Please use this identifier to cite or link to this item: http://hdl.handle.net/2440/67021
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Type: Journal article
Title: Driving simulator performance remains impaired in patients with severe OSA after CPAP treatment
Author: Vakulin, A.
Baulk, S.
Catcheside, P.
Antic, N.
van den Heuvel, C.
Dorrian, J.
McEvoy, R.
Citation: The Journal of Clinical Sleep Medicine, 2011; 7(3):246-253
Publisher: The American Academy of Sleep Medicine
Issue Date: 2011
ISSN: 1550-9389
1550-9397
Statement of
Responsibility: 
Andrew Vakulin, Stuart D. Baulk, Peter G. Catcheside; Nick A. Antic, Cameron J. van den Heuvel, Jillian Dorrian and R. Doug McEvoy
Abstract: Study Objectives: To assess the effectiveness of CPAP treat¬ment in improving 90-minute driving simulator performance in severe OSA patients compared to age/gender matched con¬trols. Design: Driving simulator performance was assessed at base-line and 3 months later, with OSA patients treated with CPAP during the interval. Setting: University Teaching Hospital. Participants: Patients with severe OSA (n = 11) and control subjects without OSA (n = 9). Interventions: CPAP Measurements and Results: Simulator driving parameters of steering deviation, braking reaction time and crashes were measured at baseline and ~3 months follow-up. At baseline, OSA subjects demonstrated significantly greater steering de¬viation compared to controls (mean [95% CI], OSA group, 49.9 cm [43.7 to 56.0 cm] vs control group, 34.9 cm [28.1 to 41.7 cm], p = 0.003). Following ~3 months of CPAP treatment (mean ± SD 6.0 ± 1.4 h/night), steering deviation in OSA subjects improved by an average of 3.1 cm (CI, 1.4 to 4.9), p < 0.001, while no significant steering changes were observed in the control group. Despite the improvement, steering deviation in the OSA group remained significantly higher than in controls (OSA group, 46.7 cm [CI, 40.6 to 52.8 cm] vs control group, 36.1 cm [CI, 29.3 to 42.9 cm], p = 0.025). Conclusions: While driving simulator performance improved after ~3 months of CPAP treatment with high adherence in patients with severe OSA, performance remained impaired compared to control subjects. These results add to the grow¬ing body of evidence that some neurobehavioral deficits in patients with severe OSA are not fully reversed by treatment. Further studies are needed to assess causes of residual driv¬ing simulator impairment and to determine whether this is as¬sociated with persistent elevated real-life accident risk.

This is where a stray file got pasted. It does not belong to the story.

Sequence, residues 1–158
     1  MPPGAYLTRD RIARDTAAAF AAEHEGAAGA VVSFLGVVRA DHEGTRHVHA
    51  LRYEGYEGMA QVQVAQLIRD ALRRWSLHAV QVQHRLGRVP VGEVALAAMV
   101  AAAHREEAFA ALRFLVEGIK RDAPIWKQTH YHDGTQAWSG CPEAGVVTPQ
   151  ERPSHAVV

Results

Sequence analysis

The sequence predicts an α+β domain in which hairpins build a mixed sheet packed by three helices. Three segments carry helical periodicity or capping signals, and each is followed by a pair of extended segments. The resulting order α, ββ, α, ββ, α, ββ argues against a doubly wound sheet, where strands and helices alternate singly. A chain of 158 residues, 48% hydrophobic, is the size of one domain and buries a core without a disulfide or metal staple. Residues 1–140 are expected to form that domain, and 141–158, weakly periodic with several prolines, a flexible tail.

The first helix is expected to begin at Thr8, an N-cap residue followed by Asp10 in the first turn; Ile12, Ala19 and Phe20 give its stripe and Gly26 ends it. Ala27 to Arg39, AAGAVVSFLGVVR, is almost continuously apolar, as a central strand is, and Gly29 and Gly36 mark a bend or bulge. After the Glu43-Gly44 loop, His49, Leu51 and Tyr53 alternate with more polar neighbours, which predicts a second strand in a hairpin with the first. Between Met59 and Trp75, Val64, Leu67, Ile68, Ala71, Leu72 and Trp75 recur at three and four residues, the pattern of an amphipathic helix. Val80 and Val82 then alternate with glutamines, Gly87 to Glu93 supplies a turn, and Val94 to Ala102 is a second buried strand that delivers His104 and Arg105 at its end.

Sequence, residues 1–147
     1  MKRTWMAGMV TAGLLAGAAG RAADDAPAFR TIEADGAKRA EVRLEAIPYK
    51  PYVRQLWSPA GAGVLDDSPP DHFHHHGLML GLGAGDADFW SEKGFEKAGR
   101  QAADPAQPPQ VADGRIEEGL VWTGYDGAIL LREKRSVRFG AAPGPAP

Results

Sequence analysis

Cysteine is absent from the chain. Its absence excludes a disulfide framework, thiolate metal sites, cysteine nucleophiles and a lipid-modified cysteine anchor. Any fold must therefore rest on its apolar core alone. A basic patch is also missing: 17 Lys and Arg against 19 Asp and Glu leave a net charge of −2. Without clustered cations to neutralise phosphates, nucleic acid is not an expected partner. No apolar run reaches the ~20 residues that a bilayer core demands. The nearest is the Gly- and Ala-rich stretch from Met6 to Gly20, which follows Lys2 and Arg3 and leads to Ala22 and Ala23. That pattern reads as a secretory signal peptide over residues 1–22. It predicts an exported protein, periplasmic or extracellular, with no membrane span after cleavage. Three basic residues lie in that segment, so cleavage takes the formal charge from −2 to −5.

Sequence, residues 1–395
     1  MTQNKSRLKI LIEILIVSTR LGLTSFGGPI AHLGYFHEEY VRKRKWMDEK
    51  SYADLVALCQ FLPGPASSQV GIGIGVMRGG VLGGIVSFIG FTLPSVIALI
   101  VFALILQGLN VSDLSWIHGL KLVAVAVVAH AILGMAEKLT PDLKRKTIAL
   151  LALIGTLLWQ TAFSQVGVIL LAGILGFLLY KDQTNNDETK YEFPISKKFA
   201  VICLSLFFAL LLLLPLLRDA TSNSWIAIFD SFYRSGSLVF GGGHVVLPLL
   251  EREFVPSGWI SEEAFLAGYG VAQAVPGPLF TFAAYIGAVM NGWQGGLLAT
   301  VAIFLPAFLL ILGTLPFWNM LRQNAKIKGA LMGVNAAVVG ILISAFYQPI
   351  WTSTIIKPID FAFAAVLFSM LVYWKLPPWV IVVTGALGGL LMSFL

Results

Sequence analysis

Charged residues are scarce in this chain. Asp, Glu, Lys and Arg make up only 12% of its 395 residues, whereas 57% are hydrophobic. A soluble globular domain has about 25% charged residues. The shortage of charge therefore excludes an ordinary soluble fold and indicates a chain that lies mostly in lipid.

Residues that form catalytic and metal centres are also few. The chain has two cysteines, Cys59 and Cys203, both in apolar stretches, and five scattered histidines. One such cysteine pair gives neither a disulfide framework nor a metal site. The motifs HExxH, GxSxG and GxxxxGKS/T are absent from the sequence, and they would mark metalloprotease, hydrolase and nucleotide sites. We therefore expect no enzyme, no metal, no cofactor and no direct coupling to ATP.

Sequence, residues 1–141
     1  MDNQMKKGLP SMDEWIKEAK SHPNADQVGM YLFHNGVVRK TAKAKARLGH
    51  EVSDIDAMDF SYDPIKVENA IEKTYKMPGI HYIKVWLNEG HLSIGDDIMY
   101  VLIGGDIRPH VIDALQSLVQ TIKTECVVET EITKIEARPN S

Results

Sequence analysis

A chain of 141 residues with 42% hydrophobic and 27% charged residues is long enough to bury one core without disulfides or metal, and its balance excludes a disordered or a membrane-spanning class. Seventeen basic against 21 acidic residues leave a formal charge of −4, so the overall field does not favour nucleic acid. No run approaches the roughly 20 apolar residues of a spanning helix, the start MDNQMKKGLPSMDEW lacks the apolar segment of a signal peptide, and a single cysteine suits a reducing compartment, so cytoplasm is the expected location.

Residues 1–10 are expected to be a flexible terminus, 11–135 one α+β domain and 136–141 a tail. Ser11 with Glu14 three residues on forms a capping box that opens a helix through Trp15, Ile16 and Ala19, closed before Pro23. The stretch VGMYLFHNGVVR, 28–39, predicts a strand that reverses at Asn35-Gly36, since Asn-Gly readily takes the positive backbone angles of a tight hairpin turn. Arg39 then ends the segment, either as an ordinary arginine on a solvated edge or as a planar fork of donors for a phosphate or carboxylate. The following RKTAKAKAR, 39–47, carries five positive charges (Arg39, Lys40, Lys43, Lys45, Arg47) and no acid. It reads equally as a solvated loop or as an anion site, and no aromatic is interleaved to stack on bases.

Keywords: OSA; CPAP; driving performance
Rights: Copyright status unknown
RMID: 0020111246
DOI: 10.5664/JCSM.1062
Appears in Collections:Medical Sciences publications

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